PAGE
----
The recent 37 vehicle crash on the M5 in Somerset which resulted in seven people tragically killed and more than 50 injured may not be enough to deter the Coalition from gearing Britain up for a
The recent 37 vehicle crash on the M5 in Somerset which resulted in seven people tragically killed and more than 50 injured may not be enough to deter the Coalition from gearing Britain up for a motorway speed limit increase from 70mph to 80mph.
But who cares about road safety or increased carbon emissions when you can put the pedal to the floor for that extra 10mph down the motorway? Well certainly not the Transport Secretary, Phillip Hammond.
The Tories believe the change will boost the economy by speeding up journeys and shortening delivery times. Everyone else believes it is so they can bomb that little bit faster down the motorway in their swanky cars making more cuts as they go.
If Britain hosts some of the safest roads in Europe why is it deemed necessary to change a working system? Should we all, like the Tories, throw caution to the wind by pushing safety issues aside to forefront the economic impact?
Whilst the environmentalists, road safety campaigners and the Lib-Dems shake their heads let us consider what will really happen.
To the slow lane snails an extra 10mph is nothing when they will happily sit behind a line of chugging lorry drivers, who are limited to 60mph, as they excruciatingly attempt to overtake one another. An extra 10mph probably will not tempt the greedy middle lane driver, who just will not budge, to use the motorway properly.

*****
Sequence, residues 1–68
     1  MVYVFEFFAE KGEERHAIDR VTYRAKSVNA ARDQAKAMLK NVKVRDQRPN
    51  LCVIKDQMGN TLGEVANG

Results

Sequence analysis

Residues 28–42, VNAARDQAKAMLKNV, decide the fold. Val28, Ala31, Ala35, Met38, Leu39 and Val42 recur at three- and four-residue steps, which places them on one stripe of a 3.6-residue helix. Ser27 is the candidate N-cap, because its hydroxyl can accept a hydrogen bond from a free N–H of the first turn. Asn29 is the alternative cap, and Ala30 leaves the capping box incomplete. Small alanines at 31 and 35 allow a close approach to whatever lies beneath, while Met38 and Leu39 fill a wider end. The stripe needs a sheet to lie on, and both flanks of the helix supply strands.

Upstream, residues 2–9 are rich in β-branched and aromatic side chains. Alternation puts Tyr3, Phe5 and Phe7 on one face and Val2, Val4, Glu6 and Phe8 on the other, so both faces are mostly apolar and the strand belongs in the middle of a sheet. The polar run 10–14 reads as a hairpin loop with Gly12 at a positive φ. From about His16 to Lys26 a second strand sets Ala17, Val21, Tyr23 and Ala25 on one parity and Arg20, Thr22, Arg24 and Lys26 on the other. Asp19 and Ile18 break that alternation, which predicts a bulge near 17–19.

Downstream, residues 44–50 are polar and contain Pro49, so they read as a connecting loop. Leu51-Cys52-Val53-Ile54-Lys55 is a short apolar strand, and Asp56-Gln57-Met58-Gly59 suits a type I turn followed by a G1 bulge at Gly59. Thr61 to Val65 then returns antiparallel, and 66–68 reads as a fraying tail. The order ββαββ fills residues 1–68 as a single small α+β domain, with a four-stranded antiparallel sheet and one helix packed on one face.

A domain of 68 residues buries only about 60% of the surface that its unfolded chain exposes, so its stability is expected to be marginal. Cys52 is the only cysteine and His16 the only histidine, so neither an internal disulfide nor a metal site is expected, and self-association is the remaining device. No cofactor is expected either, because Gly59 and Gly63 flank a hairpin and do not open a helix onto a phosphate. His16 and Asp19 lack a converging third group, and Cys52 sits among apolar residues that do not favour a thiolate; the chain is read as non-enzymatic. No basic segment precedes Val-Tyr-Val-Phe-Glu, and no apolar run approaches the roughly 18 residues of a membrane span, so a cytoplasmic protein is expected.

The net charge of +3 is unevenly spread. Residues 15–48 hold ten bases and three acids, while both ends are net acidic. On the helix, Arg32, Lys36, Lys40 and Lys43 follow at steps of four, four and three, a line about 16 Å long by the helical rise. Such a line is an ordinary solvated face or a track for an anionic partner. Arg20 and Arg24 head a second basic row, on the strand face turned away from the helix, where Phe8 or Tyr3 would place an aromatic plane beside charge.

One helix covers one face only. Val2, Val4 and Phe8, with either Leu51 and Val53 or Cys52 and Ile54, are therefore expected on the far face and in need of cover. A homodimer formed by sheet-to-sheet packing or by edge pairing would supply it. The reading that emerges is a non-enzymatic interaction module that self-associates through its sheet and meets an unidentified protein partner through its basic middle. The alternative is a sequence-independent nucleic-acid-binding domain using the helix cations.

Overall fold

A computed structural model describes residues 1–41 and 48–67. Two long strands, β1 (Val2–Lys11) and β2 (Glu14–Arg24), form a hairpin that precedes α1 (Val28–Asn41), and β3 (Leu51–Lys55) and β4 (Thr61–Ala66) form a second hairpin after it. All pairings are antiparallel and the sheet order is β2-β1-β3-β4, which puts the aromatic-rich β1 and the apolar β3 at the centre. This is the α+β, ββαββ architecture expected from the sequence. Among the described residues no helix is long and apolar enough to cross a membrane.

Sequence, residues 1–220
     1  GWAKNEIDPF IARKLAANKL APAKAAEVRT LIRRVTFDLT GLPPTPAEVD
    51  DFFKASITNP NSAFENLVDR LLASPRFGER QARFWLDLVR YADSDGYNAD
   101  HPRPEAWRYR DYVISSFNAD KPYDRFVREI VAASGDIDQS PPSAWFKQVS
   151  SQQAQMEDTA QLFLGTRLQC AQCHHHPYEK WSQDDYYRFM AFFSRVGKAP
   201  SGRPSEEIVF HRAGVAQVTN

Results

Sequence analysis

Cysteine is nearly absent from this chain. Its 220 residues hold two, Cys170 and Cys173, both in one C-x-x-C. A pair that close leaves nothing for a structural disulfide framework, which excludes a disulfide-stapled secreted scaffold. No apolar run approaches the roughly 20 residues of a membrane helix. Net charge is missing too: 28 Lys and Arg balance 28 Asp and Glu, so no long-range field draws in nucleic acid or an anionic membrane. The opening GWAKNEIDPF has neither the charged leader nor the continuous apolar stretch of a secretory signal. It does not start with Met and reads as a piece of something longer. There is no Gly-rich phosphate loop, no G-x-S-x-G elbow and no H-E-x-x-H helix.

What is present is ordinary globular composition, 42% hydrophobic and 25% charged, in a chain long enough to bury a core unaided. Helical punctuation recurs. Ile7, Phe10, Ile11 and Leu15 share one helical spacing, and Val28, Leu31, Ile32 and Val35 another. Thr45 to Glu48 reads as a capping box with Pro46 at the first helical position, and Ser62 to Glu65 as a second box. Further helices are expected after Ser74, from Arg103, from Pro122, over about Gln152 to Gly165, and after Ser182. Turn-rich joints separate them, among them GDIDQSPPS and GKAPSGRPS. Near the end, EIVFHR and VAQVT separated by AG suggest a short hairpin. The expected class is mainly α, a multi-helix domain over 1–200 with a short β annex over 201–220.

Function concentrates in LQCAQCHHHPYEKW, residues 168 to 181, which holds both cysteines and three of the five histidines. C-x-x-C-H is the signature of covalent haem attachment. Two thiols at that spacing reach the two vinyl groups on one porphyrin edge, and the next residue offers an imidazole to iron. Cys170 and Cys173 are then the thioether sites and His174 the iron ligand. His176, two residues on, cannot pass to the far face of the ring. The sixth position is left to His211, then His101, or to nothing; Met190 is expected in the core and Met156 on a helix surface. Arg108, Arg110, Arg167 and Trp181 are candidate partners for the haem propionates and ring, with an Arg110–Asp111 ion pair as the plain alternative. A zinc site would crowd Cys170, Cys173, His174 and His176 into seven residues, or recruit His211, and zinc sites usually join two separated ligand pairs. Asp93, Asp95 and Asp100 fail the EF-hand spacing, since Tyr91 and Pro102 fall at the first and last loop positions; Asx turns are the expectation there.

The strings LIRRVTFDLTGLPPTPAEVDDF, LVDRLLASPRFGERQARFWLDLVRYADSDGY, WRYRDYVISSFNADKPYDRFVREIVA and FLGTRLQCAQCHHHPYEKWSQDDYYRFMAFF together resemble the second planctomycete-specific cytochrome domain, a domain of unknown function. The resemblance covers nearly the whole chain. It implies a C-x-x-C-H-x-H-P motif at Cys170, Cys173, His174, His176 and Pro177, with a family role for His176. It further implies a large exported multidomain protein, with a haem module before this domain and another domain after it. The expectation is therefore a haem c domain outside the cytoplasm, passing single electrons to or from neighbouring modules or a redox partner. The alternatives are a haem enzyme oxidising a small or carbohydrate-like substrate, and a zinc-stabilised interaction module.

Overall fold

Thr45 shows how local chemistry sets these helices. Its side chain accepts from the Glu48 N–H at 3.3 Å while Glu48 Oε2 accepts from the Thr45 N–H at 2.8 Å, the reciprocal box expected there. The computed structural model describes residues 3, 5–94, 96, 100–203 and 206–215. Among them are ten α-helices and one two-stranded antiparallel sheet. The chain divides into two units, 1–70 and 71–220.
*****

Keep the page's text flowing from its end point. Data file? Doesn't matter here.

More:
The meandering speedsters (probably Phillip Hammond) have long been driving at the unofficial speed limit of 80mph since 70mph was imposed in 1967. The speedsters rejoice at the prospect of the unofficial speed limit rising to 90mph and finally having a playground for their ridiculously fast cars.
Cars are definitely more advanced since the 70mph limit was imposed and it does seem dismal that Britain is cautiously flagging behind the likes of Germany which hosts some unrestricted roads.
However, this should not justify a potential increase in motorway casualties in which a parliamentary conciliatory body suggests may rise between 5-10 per cent.
The M5 accident is the worst motorway pile-up Britain has seen since 1991 and such a speed increase could only make a tragedy like this worse. Faster speed equals greater impact; greater impact means the possible loss of more life and all for an extra 10mph.
To me, it seems like a cunning disguise where we think we are witnessing a heroic Tory effort streamline our economy when really they want to play Top Gear, risk lives and learn nothing from the recent road tragedy.